Boris Johnson apologises for "bring your own booze" party - but says he thought it was a 'work event'

By Dan O'Donoghue

Boris Johnson has apologised for a "bring your own booze" party held in the Number 10 garden during the height of lockdown last year, telling MPs he "believed implicitly that this was a work event.”

The Prime Minister said he understood the public's "rage" after a leaked email from his principal private secretary, Martin Reynolds, revealed Downing Street staff had been invited to a gathering in May 2020 to “make the most of the lovely weather”.

Mr Johnson confirmed he was present at the event for "25 minutes" to “thank groups of staff”.

Read more: 'It makes me feel sick': Bereaved families slam Boris Johnson for 'partying in Downing Street' as their loved ones were dying alone

“I believed implicitly that this was a work event,” he said.

But he said “with hindsight I should have sent everyone back inside, I should have found some other way to thank them, and I should have recognised that – even if it could have been said technically to fall within the guidance – there would be millions and millions of people who simply would not see it that way.”

Labour leader Sir Keir Starmer called on the Prime Minister "to do the decent thing and resign”.

He said: “There we have it. After months of deceit and deception, the pathetic spectacle of a man who has run out of road. His defence, that he didn’t realise he was at a party is so ridiculous that it’s actually offensive to the British public.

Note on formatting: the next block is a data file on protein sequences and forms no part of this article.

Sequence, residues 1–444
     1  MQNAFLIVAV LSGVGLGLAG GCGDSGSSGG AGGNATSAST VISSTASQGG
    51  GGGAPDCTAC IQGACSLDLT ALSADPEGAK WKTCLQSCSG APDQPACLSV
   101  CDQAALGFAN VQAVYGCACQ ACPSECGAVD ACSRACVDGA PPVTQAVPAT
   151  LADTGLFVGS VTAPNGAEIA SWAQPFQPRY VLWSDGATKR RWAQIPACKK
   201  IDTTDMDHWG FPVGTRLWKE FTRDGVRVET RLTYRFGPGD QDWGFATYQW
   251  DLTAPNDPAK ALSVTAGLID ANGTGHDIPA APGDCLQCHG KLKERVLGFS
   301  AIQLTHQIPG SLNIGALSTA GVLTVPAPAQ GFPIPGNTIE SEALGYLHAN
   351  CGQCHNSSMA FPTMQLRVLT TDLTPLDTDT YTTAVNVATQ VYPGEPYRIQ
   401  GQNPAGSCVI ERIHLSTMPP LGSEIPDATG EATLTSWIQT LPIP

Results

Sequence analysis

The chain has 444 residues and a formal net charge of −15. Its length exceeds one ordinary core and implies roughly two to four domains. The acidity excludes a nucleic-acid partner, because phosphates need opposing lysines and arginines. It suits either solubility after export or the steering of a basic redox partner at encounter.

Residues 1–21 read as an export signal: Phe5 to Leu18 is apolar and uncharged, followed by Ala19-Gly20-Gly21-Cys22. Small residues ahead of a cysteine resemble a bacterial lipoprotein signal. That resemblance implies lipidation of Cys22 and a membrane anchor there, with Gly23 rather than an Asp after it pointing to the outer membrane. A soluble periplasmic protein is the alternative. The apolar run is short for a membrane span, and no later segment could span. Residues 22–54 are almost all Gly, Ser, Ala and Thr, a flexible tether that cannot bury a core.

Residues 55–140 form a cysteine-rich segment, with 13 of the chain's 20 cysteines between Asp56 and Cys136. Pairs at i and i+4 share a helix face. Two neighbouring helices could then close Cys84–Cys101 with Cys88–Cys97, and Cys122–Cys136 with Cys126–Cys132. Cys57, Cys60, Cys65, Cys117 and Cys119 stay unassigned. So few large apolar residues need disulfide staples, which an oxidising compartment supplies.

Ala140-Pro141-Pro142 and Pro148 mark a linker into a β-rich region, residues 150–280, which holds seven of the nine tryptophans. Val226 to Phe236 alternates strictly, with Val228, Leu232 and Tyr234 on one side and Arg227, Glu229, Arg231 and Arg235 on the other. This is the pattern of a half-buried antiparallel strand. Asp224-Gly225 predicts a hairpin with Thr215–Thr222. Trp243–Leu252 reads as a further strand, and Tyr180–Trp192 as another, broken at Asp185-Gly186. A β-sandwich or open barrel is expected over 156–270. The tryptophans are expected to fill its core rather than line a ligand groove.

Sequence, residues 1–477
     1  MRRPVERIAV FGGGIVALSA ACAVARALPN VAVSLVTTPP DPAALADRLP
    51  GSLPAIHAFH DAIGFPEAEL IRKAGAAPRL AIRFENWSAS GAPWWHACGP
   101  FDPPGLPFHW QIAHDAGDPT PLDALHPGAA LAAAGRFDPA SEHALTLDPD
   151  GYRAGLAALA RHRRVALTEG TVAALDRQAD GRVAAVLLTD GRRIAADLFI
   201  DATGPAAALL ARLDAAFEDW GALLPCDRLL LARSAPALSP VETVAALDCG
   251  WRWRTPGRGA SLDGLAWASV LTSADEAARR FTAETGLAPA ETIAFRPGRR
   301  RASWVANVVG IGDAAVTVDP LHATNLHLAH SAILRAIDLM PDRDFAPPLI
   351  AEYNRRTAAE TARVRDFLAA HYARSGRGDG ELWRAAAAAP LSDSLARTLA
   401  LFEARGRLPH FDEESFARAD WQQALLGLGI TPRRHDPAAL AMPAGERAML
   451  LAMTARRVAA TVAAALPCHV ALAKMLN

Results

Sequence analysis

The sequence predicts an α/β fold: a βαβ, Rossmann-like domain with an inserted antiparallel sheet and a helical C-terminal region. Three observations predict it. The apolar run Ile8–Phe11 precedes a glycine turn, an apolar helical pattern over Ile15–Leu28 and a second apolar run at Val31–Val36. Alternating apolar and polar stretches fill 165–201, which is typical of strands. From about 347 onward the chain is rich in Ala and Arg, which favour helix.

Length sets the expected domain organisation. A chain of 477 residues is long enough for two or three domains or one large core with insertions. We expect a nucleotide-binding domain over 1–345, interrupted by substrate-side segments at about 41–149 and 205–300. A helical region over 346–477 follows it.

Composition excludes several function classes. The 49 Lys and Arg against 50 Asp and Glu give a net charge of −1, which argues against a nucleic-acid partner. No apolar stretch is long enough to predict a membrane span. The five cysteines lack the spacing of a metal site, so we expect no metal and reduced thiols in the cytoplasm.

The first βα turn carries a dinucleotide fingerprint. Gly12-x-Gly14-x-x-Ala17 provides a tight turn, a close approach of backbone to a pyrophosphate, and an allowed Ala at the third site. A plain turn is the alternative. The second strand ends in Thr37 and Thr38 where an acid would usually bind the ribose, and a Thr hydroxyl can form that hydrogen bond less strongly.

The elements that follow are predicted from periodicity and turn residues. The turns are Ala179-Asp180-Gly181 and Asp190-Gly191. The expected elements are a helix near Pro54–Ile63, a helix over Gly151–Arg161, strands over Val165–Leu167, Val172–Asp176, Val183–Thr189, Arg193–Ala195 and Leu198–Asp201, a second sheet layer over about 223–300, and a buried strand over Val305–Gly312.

“He’s finally been forced to admit what everyone knew, that when the whole country was locked down he was hosting boozy parties in Downing Street. Is he now going to do the decent thing and resign?”

Mr Johnson replied: “I appreciate the point that he’s making about the event that I attended. I want to repeat that I thought it was a work event and I regret very much that we did not do things differently that evening.

“I take responsibility and I apologise. But as for his political point, I don’t think that he should pre-empt the outcome of the inquiry. He will have a further opportunity, I hope, to question me as soon as possible.”

Sir Keir shot back: “Why does the Prime Minister still think that the rules don’t apply to him?”

He said: “When the Prime Minister’s former health secretary broke the rules, he resigned and the Prime Minister said he was right to do so.

“When the Prime Minister’s spokesperson laughed about the rules being broken, she resigned and the Prime Minister accepted that resignation.

“Why does the Prime Minister still think that the rules don’t apply to him?”

Mr Johnson responded: “That’s not what I’ve said and I understand the point that he makes, as I’ve said I regret the way things happened on the evening in question and I apologise, but if I may say to him, I do think it would be better if he waited until the full conclusion of the inquiry, until the full facts are brought before this House and he will have an opportunity to put his points again.”

Get more news, sport and what's on by subscribing to the Manchester Evening News' free email newsletters here.

What is inkl?

Important stories

See news based on value, not advertising potential. Get the latest news from around the world.

Trusted newsrooms

We bring you reliable news from the world’s most experienced journalists in the most trusted newsrooms.

Ad-free reading

Read without interruptions, distractions or intrusions of privacy.